Jeff Wall pioneered large-scale photography, transcending the classical into the contemporary. His critically acclaimed work, produced in the form of colour transparencies displayed in lightboxes since the 1980s, was inspired by the backlit advertisements found at bus stops in Europe. The Stedelijk Museum Amsterdam highlights his oeuvre since 1996, featuring over 40 works in his second exhibition with the museum, entitled Jeff Wall: Tableaux, Pictures, Photographs, 1996–2013. At first, the scale and presentation of the photographs of commonplace scenes are impressive, but it is their enigmatic element that make them magnetic. The artist captures pop culture in a classical sense. His tableaux, with the potential to transform into 19th and 20th century master paintings, illuminate the allusions to art historical and philosophical notions of representation.
The lightbox presentation adds an extra dimension to the photographs, an almost dioramic effect that stems from Wall’s first exhibition in 1978 where he enclosed The Destroyed Room in a plaster wall in a storefront window. The large-scale format makes it seem as if these are windows he has walked by at just the right time to capture a photograph. Instead, they are mostly framed cinematic and staged moments of Vancouver, in an amalgamation of natural beauty, urban decay and postmodernism contextualised in an unvarnished industrial cityscape.
Wall also figuratively shines light on these scenes, bringing to the surface themes surrounding relationships between men and women and nature versus metropolis. These photographs are more than representations and reconstructions of Wall’s experiences, they are an agent for social commentary on violence and cultural miscommunication. The lightboxes become almost sculptural at the Stedelijk, and the layout of his works in the gallery draws the viewer from room to room, eager to see the next scene and the photographs’ fantastical, magical and oddly tense auras.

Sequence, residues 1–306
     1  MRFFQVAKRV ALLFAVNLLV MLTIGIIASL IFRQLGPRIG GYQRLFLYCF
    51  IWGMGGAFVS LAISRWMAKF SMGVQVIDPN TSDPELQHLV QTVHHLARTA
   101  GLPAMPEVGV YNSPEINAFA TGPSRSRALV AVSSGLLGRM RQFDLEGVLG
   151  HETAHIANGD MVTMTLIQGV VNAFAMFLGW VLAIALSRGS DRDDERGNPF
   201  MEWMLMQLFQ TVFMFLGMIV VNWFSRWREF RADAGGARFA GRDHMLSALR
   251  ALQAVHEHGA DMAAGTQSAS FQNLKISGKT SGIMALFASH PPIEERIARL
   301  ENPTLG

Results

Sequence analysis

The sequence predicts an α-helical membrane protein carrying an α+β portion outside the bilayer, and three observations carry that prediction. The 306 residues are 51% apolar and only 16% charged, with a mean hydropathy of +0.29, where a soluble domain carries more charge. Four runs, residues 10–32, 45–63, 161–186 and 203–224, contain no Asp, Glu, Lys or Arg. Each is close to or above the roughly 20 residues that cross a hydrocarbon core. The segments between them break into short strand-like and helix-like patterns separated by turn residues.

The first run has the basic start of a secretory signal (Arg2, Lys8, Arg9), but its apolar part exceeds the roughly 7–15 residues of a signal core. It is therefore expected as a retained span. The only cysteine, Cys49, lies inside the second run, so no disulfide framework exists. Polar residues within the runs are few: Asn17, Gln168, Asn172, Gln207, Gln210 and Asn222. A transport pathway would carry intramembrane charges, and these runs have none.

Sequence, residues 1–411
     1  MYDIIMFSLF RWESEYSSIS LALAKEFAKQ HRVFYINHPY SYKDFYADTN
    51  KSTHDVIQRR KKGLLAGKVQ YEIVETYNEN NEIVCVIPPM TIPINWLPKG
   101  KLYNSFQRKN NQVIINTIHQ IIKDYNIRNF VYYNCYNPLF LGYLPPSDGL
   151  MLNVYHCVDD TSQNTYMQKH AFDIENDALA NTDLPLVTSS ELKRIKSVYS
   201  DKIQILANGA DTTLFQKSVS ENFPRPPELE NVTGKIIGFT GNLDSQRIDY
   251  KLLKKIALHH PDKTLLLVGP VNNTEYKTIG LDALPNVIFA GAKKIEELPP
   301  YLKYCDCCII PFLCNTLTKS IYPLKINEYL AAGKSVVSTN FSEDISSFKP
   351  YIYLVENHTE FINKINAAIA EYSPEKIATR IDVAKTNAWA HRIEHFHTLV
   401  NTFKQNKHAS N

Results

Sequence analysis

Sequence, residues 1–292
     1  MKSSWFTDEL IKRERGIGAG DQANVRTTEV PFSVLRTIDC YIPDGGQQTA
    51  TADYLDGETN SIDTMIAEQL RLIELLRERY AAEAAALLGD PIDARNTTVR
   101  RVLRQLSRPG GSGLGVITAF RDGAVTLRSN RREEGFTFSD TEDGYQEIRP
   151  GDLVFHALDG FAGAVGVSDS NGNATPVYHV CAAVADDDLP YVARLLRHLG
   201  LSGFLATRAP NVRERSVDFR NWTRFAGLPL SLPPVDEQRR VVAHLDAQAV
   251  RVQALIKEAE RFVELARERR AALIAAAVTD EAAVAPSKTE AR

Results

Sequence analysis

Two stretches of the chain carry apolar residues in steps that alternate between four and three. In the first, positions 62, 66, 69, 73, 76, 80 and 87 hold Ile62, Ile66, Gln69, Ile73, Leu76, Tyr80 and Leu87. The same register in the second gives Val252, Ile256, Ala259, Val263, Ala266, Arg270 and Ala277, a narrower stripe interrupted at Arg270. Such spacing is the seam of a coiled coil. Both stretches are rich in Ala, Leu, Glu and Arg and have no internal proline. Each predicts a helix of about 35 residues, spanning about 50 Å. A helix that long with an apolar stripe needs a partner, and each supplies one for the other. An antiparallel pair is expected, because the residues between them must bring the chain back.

It was in 1996 that Wall’s artistic practice shifted to the production of black-and-white prints on paper with elements of documentary. Though each image is independent, they were all created by photographic techniques that result in realism with a bit of chicanery. Orientation plays a pivotal role in viewing Wall’s photographs. The exhibition as whole can be read as a stream of stills, yet stepping up to the pieces individually sets the viewer into the scene, whether it be as voyeur or even an intentionally staged character.
Highlights of the exhibition include Boxing, Boy Falls from Tree, In Front of a Nightclub and Summer Afternoons (2013) the never-before-seen diptych with its bold color palette and nude female imagery, which has been said to mimic Edward Hopper. One can note why Wall’s previous work was referred to by Susan Sontag as “exemplary in its thoughtfulness and power” and understand his influential impact on the Düsseldorf group and, on a greater scale, the realm of contemporary photography.
Jeff Wall: Tableaux, Pictures, Photographs, 1996–2013, until 3 August, Stedelijk Museum Amsterdam, Museumplein 10, 1071 DJ Amsterdam.
1. Jeff Wall, In Front of a Nightclub, 2006, courtesy van de kunstenaar.
1. Installation shot, Jeff Wall, courtesy of Gert Jan van Rooij.